Quality public transportation is important for our economy, for equity, and to help combat climate change by relying less on cars for transportation. Manchester should take an all of the above approach to transportation, supporting bus service, commuter rail, bike lanes, and sidewalks for walkers and joggers. Like so many other issues, this cannot be something that we address in one neighborhood, but leave others behind. For many in our city center neighborhoods, walking or biking is the primary mode of transportation and they deserve to have well-paved protected bike lanes and smooth sidewalks. For bus service, we should look at opportunities to increase frequency and service routes, including advocating at the state level to increase our lowest in New England public transit spending. There are also exciting ongoing discussions about creating a transportation center in Manchester that could support a return of Manchester to Boston/Logan bus service. Finally, Manchester is the largest metro area in the country without any commuter rail – that needs to change. Our businesses support rail because they know it will increase our workforce and make our great city more accessible.
What are your thoughts on the current state of the city's civic pride and ideas on how to improve it?
I love this city and, as I’ve talked with residents throughout this campaign, it’s clear so many others do too. We have a lot of pride about living in Manchester. We’re honest about our challenges, but ready to work together to solve them. We can always do more to connect people and build a deeper sense of community. Whether it’s the Taco Tour, air shows, Glendi, the Manchester marathon, or any other of the great city events, we should continue to work with partners to bring people together. These events are good for the city, good for our businesses, and build a strong sense of community. I think we should take a long look at other people-first proposals like pedestrian only roads or utilizing the riverfront area to make it a community destination.
What are your thoughts on School District's relationship to city government?
I supported sending the decision of whether the school district should be an independent entity to the ballot for a vote since I believe citizens should have a say on structural changes. There are challenges within the current system that separates many budget and policy decisions between the School Board and Board of Alderman when those decisions are inherently linked.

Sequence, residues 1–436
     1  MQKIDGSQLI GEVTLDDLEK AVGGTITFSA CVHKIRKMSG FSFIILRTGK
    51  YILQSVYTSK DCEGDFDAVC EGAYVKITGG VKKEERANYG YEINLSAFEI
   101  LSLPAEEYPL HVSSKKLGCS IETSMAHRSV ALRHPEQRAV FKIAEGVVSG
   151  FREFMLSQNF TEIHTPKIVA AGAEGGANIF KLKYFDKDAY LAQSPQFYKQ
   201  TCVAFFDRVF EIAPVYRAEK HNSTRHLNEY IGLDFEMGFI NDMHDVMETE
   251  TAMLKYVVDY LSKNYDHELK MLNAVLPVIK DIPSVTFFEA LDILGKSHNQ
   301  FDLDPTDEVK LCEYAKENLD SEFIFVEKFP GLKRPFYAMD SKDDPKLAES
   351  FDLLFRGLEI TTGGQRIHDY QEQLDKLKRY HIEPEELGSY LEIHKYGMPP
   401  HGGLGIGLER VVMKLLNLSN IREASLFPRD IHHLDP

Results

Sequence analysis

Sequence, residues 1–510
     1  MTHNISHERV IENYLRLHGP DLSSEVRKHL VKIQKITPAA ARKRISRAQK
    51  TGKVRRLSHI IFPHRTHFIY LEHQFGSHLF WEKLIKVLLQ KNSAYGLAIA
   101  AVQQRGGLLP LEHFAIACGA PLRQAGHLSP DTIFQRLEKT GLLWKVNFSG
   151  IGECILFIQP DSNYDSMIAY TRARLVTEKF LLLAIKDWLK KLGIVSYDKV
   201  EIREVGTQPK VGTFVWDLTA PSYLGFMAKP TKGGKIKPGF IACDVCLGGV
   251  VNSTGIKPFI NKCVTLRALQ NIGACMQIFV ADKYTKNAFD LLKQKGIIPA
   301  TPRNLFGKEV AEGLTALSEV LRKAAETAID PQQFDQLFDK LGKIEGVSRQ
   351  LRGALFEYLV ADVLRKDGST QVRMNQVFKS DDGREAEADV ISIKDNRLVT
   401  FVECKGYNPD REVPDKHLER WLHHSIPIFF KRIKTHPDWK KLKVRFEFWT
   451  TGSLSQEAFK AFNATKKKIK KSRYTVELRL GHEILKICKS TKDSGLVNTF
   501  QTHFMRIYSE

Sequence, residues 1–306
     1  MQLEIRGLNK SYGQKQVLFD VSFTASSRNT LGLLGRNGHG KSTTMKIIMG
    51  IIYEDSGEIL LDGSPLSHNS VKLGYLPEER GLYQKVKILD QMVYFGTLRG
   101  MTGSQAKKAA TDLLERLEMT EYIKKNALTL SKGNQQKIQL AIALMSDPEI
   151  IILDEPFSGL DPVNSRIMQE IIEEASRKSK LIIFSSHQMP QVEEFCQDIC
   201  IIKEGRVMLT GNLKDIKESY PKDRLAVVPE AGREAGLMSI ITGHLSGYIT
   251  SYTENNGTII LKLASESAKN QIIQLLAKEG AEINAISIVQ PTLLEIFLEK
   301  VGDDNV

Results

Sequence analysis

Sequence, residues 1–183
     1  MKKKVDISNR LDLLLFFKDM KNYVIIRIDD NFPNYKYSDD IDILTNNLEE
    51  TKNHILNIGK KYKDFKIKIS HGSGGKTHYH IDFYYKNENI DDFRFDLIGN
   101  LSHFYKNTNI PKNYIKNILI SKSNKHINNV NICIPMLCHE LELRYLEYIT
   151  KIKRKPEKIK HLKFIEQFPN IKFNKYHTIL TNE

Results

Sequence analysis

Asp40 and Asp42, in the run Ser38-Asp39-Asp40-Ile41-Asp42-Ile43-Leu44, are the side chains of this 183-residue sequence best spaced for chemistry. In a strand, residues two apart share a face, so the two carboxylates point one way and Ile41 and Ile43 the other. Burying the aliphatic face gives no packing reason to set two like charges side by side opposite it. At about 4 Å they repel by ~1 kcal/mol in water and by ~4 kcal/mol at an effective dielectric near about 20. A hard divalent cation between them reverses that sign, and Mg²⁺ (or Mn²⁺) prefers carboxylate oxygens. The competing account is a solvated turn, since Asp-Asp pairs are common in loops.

What are your thoughts on School District's relationship to city government?
Strong relationships are critical to the job of Mayor. I served almost six years in the State Senate working with the Governor and legislators from both parties on common-sense solutions. I’ll bring my strong relationships and personal experiences to the Mayor’s office to advocate for our city’s needs at the state level. I’ll also always work with anyone to get results including Mayor’s from other cities in New Hampshire and across the country. No one has a monopoly on good ideas.
What are your thoughts on the mayor's role in city government?
The Mayor sets the tone for the city through their leadership of city departments, service on the Board of Alderman and School Board, and as the lead spokesperson and champion for the city, but no one does this job alone. As Mayor, you are part of an incredible team of elected officials, appointed volunteers, and municipal staff that make up city government. As Mayor, my door will always be open. I’ll talk to everyone and work with anyone who is interested in helping Manchester move forward. This city is for all of us.
What are your thoughts and plans for the number of public schools needed in Manchester (with breakdown of elementary/middle/high schools in that number?)
The discussion on school restructuring must be a community wide conversation. I have personal connections to many of our schools: I graduated from Memorial High School, coached football at West High School, and my kids graduated from Central High School. This cannot be a decision the Mayor makes by themselves. I look forward to continuing to look at the reports, review enrollment projections, explore taxpayer implications, and engage in a wide-reaching community discussion about our school system. However, doing nothing is not an option. The average age of our schools is over 75 years old – with some over 100 years old – that’s not acceptable for a 21st-century education. We have already approved the “3 – 4 – 12” model, which will include three high schools, four middle schools, and twelve elementary schools. I think that’s the right breakdown and we need to start moving forward with community conversation and funding discussions.
What are your thoughts on and plans on Improving grade-level proficiency scores
I’m a proud graduate of Manchester public schools and Kerri and I sent our three kids to Manchester public schools where they received a great education. There are so many factors that go into a quality education and outcomes. This city has great teachers who we must trust, retain, and provide them with the resources to be successful in the classroom. We also must improve upon many of the other challenges we face as a city, whether its housing, food insecurity, mental health, or substance misuse, education does not happen in a vacuum. It’s very hard for a student to learn if the only meal they eat is the school lunch or for a student to complete their homework if they live in an overcrowded apartment because housing is too expensive. If we are able to improve upon those other challenges, then we’ll also see proficiency scores increase.